“Tracy Stone-Manning brings decades of experience and inherent knowledge of how to find common ground solutions that advance the preservation and protection of our valuable public lands and waters. Her love of the outdoors, and her balanced approach to achieving progress with all the necessary voices at the table make her the best choice to lead the Bureau of Land Management. The communities, businesses, and Montana jobs that rely on our healthy and protected outdoors deserve a leader like Tracy Stone-Manning, who will invite collaboration and who will promote the stewardship and the practices that protect the assets that drive our livelihoods in Montana.” – Marne Hayes, Business for Montana’s Outdoors

“Tracy Stone-Manning has had to endure a full-throated campaign meant to smear the sterling reputation she has among Montanans on both sides of the aisle. Our respect and support for her hasn’t budged one bit. She’s a steadfast, honest broker who has mastered the art of working with folks from a broad spectrum of interests, who is equally adept at working with conservationists as she is with timber and oil and gas executives. Sen. Daines knows this as well as anyone, and so we’re disappointed that he can’t see his way to support her, a fellow Montanan.” – Ben Gabriel, Executive Director of Wild Montana

“Stone-Manning represents the best of Montana’s bipartisan, get-it-done ethos and is a prime study in how hunters and anglers step up to protect the resources upon which we depend. I can think of no finer candidate to lead and rebuild our largest public lands management agency.” – Walker Conyngham, President of Hellgate Hunters and Anglers

“Tracy is a proven leader who involves everyone in important decisions and actions that affect our public lands. This collaborative approach is what we need at the helm of BLM.” – Larry Berrin, Executive Director of Montana Audubon

“Tracy Stone-Manning is the best of Montana. Montanans support her and as our Senator, Steve Daines should represent his constituents. Montanans should hold him accountable to the fullest extent every time he chooses politics over public lands.” – Whitney Tawney, Executive Director of Montana Conservation Voters

“For more than three decades, Tracy has brought people together from all walks of life to solve complex problems. That’s why she has so much support from community leaders, timber interests, miners, hunters, and conservationists. As a Westerner, an avid sportswoman, and a brilliant thinker, Tracy has the experience and temperament to be an exceptional Director of the Bureau of Land Management. It has been disheartening to see the partisan campaign that has been launched against her, but Tracy will not let petty politics interfere with a management philosophy that breaks down barriers and ensures that all Americans can benefit from our nation’s public lands.” – Marcia Brownlee, Program Manager for the National Wildlife Federation’s Artemis Sportswomen Initiative.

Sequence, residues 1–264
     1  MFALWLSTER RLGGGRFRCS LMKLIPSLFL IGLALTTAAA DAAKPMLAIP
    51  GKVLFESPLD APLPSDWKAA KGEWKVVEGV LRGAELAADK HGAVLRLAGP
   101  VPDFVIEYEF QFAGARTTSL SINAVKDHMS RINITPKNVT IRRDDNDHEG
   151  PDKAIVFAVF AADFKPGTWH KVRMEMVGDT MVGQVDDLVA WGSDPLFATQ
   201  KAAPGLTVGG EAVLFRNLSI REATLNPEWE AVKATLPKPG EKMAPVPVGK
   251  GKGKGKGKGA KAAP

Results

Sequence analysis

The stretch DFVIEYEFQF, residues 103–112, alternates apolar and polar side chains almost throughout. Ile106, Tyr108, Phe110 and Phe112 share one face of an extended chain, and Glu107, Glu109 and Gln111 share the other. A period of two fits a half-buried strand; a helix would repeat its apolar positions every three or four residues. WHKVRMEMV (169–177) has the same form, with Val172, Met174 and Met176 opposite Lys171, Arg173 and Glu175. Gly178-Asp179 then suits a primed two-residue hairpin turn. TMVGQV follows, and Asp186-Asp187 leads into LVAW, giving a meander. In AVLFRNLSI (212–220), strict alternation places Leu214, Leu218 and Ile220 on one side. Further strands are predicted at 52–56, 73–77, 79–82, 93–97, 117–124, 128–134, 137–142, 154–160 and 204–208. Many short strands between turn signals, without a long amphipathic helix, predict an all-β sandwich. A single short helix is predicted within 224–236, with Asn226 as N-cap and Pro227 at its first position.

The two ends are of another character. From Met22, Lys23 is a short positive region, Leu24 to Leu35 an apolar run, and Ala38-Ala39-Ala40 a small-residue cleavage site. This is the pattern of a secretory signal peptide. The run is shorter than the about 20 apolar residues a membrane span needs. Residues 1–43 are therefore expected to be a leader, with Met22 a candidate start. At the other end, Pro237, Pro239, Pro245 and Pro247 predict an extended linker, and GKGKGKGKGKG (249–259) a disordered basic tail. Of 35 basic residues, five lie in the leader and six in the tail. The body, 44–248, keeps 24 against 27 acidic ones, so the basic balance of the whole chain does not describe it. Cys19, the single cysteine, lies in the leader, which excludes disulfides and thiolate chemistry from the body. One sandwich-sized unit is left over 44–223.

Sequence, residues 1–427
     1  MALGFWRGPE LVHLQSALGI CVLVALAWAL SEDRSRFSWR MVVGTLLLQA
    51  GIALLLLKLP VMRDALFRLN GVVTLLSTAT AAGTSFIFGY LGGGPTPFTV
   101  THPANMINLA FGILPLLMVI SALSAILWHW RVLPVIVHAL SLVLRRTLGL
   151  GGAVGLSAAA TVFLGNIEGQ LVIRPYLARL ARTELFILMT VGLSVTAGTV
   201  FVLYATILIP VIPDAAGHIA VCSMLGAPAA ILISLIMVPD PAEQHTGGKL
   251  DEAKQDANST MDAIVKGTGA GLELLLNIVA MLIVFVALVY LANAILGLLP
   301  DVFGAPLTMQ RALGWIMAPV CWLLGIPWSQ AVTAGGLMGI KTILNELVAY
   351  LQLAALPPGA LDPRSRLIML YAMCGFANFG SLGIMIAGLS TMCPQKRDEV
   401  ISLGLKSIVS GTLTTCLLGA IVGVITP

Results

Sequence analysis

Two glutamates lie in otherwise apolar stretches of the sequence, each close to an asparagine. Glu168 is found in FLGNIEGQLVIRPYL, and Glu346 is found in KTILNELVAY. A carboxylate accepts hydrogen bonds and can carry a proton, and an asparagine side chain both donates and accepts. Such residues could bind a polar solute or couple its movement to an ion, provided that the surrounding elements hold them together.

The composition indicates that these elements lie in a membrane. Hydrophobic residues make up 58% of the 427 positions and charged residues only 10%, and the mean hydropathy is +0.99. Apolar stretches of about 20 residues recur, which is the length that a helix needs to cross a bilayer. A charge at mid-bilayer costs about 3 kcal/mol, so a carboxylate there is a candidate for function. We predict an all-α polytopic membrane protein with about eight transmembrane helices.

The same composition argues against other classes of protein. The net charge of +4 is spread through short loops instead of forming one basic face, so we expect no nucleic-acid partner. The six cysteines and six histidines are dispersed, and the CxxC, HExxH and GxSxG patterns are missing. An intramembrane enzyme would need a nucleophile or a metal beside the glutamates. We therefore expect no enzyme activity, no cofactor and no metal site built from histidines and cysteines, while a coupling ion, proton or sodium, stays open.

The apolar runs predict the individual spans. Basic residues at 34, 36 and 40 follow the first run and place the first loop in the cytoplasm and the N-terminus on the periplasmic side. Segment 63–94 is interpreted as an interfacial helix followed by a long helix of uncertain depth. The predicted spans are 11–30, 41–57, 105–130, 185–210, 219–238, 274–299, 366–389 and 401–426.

“Tracy Stone-Manning is a highly experienced collaborative leader who will manage our public lands to benefit both people and wildlife. We urge Senator Daines to lift his opposition and let the president pick his own team to manage our nation’s public lands.” – Scott Brennan, Montana State Director of The Wilderness Society


Shoulder seasons are being abused by FWP


When Montana began extended elk “shoulder seasons” in 2015, they were not meant to be permanent, and more importantly, they were never meant to replace the harvest of elk during our archery and rifle seasons.

But under a proposal from Montana Fish, Wildlife and Parks, that’s where shoulder seasons are heading in 18 hunting districts. They include HDs 262, 290, 298, 390, 391, 393, 411, 417, 502, 510, 511, 520, 530, 540, 560, 575, 580 and 590. These are areas with very limited public hunting access during the archery and general seasons to help us manage elk populations.

The Commission last year shortened these seasons because they weren’t meeting the criteria that were agreed to with the hunters of Montana. That included data collection on how they’re working, whether we’re seeing the increase in elk harvest during the 11-week archery and rifle seasons, and whether we’re getting half of the needed harvest in the longstanding archery and rifle seasons.

If the Commission considers accepting these recommendations, it has yet to provide the public the data on how these seasons are working, and whether they’re meeting the criteria for a shoulder season.